• Unlike Form I-134, which pertains to nonimmigrant visas, Form I-864 is essential for various family-based and, in certain instances, employment-based immigrants.
    • The petitioner/sponsor is mandated to submit Form I-864 to affirm financial responsibility for the immigrant, adding a layer of assurance against potential public charge concerns.

In summary, Form I-134 is generally applied in nonimmigrant visa contexts, while Form I-864 takes precedence in immigrant visa scenarios.


Federal Poverty Guidelines

The Federal Poverty Guidelines for 2023 are based on the poverty levels which is set for each State. There is also the issue of how many people live in the household. The more people live in the household the higher the financial requirements will be. Below you can see how this changes with each additional person in the household.

In the 48 Contiguous States

The District of Columbia, Puerto Rico, the U.S. Virgin Islands, Guam, and the Commonwealth of the Northern Mariana Islands:

If there are two people in a household, the amount of money they need for basic living expenses is either $19,720 (if one of them is in the US military) or $24,650 (if not in the military), and that second number is 125% of the first one.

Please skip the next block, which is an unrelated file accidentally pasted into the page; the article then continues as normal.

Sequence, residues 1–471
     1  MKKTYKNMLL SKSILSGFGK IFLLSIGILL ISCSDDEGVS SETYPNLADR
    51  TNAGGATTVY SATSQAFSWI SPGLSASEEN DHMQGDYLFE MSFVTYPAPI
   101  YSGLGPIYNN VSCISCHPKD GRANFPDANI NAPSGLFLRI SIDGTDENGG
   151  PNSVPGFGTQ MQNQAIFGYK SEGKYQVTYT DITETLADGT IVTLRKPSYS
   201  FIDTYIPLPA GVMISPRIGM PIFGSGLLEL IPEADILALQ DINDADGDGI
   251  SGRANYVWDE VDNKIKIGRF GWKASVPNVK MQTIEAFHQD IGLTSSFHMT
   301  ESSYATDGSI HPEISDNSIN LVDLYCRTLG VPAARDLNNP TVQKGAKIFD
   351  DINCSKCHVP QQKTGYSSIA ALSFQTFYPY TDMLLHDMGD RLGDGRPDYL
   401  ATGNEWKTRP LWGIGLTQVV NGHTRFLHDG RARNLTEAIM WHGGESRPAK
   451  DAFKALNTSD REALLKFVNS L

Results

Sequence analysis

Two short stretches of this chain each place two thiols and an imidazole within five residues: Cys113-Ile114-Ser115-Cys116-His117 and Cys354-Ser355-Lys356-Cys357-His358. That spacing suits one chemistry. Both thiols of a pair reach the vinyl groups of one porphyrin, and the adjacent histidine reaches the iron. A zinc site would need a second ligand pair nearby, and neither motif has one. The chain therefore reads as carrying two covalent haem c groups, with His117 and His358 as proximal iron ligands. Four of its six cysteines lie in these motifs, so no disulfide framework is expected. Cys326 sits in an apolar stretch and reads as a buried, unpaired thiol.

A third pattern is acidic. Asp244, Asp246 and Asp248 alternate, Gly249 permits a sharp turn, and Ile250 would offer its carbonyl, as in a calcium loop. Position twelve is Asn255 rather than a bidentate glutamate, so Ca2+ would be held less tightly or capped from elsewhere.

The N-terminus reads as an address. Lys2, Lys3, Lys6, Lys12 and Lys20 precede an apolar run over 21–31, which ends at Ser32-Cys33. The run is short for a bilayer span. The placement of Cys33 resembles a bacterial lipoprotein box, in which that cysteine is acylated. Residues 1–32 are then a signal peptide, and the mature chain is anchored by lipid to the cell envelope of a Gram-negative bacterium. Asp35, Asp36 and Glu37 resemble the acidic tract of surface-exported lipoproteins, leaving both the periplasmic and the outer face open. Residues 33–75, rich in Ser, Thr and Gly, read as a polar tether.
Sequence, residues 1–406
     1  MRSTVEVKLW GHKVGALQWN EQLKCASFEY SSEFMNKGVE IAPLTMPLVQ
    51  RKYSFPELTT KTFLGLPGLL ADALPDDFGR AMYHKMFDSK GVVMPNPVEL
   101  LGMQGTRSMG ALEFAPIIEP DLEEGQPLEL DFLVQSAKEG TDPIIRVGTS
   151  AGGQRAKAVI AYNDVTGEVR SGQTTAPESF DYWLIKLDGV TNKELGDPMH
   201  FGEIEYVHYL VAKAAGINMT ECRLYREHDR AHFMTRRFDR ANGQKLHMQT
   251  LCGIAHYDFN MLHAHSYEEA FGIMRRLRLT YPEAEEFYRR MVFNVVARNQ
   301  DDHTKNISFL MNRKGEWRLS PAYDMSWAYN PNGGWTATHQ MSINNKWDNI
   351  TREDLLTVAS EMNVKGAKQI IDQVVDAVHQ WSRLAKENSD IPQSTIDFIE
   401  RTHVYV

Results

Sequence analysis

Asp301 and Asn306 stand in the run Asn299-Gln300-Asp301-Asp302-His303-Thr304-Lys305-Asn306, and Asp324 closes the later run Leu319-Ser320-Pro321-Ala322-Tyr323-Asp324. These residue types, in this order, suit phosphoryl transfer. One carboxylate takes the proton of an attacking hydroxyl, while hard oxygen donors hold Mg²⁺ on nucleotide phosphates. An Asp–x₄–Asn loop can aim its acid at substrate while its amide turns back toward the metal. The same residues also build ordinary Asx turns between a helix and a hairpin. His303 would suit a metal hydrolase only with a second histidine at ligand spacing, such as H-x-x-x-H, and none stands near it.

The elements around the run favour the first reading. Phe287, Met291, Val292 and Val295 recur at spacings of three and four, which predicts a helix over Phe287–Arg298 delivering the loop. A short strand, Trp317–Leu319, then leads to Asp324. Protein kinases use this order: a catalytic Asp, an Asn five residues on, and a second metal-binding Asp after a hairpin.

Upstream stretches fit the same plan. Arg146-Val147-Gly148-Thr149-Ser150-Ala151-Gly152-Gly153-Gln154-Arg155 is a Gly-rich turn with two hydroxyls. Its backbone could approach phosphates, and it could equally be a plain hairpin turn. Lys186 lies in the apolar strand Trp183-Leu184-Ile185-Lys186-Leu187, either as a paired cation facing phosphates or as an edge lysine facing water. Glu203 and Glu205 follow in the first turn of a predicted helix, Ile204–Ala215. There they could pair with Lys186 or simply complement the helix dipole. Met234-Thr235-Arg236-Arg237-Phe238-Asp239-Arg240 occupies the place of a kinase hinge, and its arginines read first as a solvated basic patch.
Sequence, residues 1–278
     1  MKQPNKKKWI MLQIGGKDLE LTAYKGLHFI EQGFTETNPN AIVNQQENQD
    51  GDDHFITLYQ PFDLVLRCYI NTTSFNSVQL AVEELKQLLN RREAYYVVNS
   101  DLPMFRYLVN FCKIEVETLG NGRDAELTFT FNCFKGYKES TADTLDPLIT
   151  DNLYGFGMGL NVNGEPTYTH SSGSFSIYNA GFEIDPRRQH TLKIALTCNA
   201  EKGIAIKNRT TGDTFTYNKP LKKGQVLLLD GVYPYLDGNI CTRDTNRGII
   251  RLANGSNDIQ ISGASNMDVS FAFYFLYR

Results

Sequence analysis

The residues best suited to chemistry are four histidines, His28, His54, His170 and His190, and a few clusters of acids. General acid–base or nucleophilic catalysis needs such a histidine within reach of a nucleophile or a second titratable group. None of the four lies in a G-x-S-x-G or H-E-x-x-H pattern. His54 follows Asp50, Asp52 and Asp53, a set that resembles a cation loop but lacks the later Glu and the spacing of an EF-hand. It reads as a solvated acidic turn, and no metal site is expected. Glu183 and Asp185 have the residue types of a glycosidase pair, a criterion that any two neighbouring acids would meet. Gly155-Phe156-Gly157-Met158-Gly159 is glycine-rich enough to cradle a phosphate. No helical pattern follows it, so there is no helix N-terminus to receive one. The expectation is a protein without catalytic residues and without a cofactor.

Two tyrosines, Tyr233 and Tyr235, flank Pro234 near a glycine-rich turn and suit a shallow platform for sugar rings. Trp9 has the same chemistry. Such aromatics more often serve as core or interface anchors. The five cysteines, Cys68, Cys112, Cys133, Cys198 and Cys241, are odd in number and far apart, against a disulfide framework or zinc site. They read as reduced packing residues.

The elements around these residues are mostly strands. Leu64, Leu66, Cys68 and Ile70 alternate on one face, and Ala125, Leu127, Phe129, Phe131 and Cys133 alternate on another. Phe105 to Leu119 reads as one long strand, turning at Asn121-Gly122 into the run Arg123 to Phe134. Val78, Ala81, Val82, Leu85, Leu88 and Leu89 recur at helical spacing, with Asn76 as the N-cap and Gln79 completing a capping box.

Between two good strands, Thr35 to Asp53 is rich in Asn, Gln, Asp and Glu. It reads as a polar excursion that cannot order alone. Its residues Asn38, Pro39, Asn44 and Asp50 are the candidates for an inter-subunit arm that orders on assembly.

For a three-person household, it’s $24,860 (military) or $31,075 (non-military), again with the second number being 125% of the first.

In a four-person household, the amounts are $30,000 (military) or $37,500 (non-military), and the non-military one is 125% of the military one.

If there’s an additional person, you add $5,140 (military) or $6,425 (non-military) to the total for that household size.

So, in simpler terms, these are like guidelines for how much money different-sized families might need to cover their basic living costs, and it depends on whether someone in the family is in the military or not.

In Alaska 

The amount of money your family can earn and still get certain benefits depends on how many people are in your household. If there are two people, the limit is $24,640 (100% – Active US Military) or $30,800 (125%). For three people, it’s $31,070 (100% – Active US Military) or $38,838 (125%). If there are four people, the limit is $37,500 (100% – Active US Military) or $46,875 (125%). Likewise if your family has more people, you add $6,430 (100% – Active US Military) or $8,038 (125%) for each extra person.

Now, in Hawaii

It’s a bit different. For a two-person family, the limit is $22,680 (100% – Active US Military) or $28,350 (125%). For three people, it’s $28,590 (100% – Active US Military) or $35,738 (125%). If there are four people, the limit is $34,500 (100% – Active US Military) or $43,125 (125%). Just like in Alaska, you add $5,910 (100% – Active US Military) or $7,387 (125%) for each extra person

These guidelines are used to assess financial eligibility for specific federal programs. It’s essential to note that some states utilize the Federal Benefit Rate to determine income eligibility for Medicaid. Active U.S. soldiers only need to meet 100% of the poverty line for their respective states. See also the K1 visa income requirements as well. Likewise see also the main article on US visa from Thailand.